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Psychological Conflict in Euripides’ Medea Essays

Psychological Conflict in Euripides’ Medea
            Euripides’ Medea presents Medea’s vengefulness towards her husband which leads her to murder the king and princess of Corinth as well as her children. The murder of these individuals stands as a result of Medea’s humiliation after she found out that her husband, Jason, whom she aided in the escape from Colchis, intends to marry the daughter of King Creon and hence in the process leave Medea, along with her children, as a stranger with no homeland to return to. In order to avenge herself, Medea sent both the king and princess of Creon poisoned garments, the beauty of which led them to immediately wear these garments and hence embrace their death. After the death of these individuals, Medea murders her children, in the processing taunting Jason as she denies him the right to bury their children. The play ends with Medea leaving in a chariot as she heads for her asylum, Athens.
            The psychological conflicts within the play are apparent as Medea battles her feelings of fear, betrayal, and rejection throughout the play. In the initial part of the play, one is presented with an overview of Medea’s character and how her disposition will affect her reaction towards the events within the play. She is presented as an individual who allows her feelings to affect her judgment. Her nurse states,
Now hatred has corroded everything and dearest love grows sick…Unhappy Medea, thus dishonored, cries out…her husband has wronged her…Schooled by misfortune, the poor woman has learnt what it is to be parted from one’s fatherland…She hates her children and feels no joy in seeing them. I am afraid that she may be planning something we do not expect. Her temperament is dangerous and will not tolerate bad treatment…For she is fearsome. No one who joins in conflict with her will celebrate an easy victory. (Euripides 1-2)
As her nurse specifies Medea’s condition, in the initial part of the play, she also presents the audience with an overview of what one may expect from Medea as an individual who is scorned by her lover. As opposed to her initial feelings of love and desire towards Jason, Medea is now presented as an individual who loathes her husband and wishes evil upon him and upon those who are related to him. The psychological conflicts her are apparent as one considers (1) Medea’s relation to her husband, (2) Medea’s relation to her fatherland, and (3) Medea’s relation to her children.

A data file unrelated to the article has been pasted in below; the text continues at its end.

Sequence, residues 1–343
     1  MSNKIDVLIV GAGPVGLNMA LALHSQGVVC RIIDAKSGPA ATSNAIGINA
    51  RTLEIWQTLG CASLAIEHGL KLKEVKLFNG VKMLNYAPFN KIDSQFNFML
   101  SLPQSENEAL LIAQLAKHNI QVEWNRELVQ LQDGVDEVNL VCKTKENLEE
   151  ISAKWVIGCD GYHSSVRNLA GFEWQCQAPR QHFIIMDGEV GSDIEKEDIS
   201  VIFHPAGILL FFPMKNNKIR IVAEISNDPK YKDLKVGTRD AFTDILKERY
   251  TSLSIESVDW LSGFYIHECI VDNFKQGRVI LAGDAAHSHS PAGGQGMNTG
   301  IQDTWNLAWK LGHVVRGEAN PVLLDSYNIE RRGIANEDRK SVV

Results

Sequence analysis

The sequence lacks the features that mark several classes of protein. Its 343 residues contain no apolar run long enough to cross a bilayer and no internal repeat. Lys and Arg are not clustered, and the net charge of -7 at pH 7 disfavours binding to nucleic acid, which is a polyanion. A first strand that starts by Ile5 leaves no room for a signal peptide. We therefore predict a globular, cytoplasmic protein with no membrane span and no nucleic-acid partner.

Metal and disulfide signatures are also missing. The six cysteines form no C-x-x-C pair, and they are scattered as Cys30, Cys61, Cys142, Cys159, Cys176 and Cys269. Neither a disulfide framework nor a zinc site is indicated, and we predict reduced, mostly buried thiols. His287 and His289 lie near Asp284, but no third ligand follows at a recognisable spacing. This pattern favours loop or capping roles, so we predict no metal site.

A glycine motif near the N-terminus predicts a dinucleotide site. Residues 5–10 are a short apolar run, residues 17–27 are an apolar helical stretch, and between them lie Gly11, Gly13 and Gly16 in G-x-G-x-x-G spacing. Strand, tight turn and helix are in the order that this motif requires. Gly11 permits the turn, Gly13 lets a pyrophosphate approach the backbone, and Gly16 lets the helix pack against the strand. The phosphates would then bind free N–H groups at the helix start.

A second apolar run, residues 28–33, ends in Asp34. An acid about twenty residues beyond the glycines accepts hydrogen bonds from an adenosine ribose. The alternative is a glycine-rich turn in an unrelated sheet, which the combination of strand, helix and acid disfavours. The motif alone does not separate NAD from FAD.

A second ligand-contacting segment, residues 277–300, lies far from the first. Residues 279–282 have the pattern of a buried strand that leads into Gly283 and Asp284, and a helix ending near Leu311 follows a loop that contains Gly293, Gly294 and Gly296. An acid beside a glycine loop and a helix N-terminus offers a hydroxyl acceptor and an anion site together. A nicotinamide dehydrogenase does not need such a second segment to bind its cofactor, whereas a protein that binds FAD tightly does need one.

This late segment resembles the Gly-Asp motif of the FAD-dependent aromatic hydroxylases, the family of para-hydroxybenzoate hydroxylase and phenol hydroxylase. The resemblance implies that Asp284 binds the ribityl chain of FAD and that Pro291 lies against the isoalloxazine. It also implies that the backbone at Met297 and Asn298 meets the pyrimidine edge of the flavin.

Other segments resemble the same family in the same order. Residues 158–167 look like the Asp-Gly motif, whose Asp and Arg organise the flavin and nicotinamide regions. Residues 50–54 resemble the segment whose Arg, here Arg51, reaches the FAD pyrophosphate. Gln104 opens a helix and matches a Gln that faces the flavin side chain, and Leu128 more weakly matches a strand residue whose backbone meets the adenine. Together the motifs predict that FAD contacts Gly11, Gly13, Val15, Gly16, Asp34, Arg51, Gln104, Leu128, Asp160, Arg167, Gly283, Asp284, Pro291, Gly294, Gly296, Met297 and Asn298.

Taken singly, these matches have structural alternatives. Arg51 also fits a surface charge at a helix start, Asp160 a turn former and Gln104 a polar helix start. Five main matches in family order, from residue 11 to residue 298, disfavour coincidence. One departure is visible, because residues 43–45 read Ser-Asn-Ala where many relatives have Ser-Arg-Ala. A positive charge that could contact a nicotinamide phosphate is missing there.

Medea stood as Jason’s savior from death as she enabled him to escape from her fatherland and as such one may perceive Medea as Jason’s redeemer. As his redeemer, one may state that Medea is related to Jason in the way that a mother is related to her child since she enabled him to continue his life as well as lead the life of a hero in his homeland. Her relation to Jason however does not merely end in her position as a mother figure in his life; she also stands as his lover and his wife. In addition to this, she also stands as the mother of Jason’s children. Given that Medea betrayed her fatherland [her homeland] in order to save Jason, one may state that Medea’s abandonment of her heritage may be seen as an equivalent of her abandonment of her capability to forge a relationship with another individual. The basis for such a claim is the assumption that shedding one’s ties with one’s fatherland or one’s homeland is equivalent to shedding one’s past and one’s experiences from this past. Given that it was through her past that Medea experienced the warmth of filial love, one may state that Medea has also shed the aspects of her life and her identity that enables her to develop such a relationship with other people. If such is the case, her relationship as a mother figure to Jason as well as her children is immediately placed within a dubious position due to her incapability to form such a relationship with other people. Hence, it follows from this that the only tie that binds Medea with Jason is her relationship to Jason as his lover and his wife. In addition to this, it follows that the only tie that binds Medea with her children is their relationship to Jason, in the sense that they stand as the manifestation of her relationship to Jason as his wife and his lover. As can be seen in the later part of the text, as Jason denies and hence destroys his relationship with Medea as his lover and his wife, the foundation of her existence within another land is immediately destroyed along with her feelings of filial love for her children.
            The psychological conflict within the text can thereby be seen in Medea’s attempts to destroy her identity as she murders not only the individuals associated with the destruction of her identity but also as she attempts to erase the most evident results of this identity, her children. By allowing her emotions to take control of her actions, Medea thereby enables not only the eradication of her ‘self’ through the eradication of the manifestations of this ‘self’ through the form of her children but also through the form of the individuals that necessitated this self-destruction that Medea adhered to within the context of the play. The psychological conflict that stands as a result of Medea’s relation to her husband, her fatherland, and her children can thereby be seen as Medea chooses to destroy her ‘self’ in order to eradicate her ties to Jason which may be seen as the ultimate form of vengeance as she denies him the mother figure that enabled him to become a hero in his homeland thereby in the process depriving both of them of their past.

Work Cited
Euripides. Euripides: Medea, Hippolytus, Electra, and Helen. Trans. James Morwood. Oxford: Oxford UP, 1997.

 

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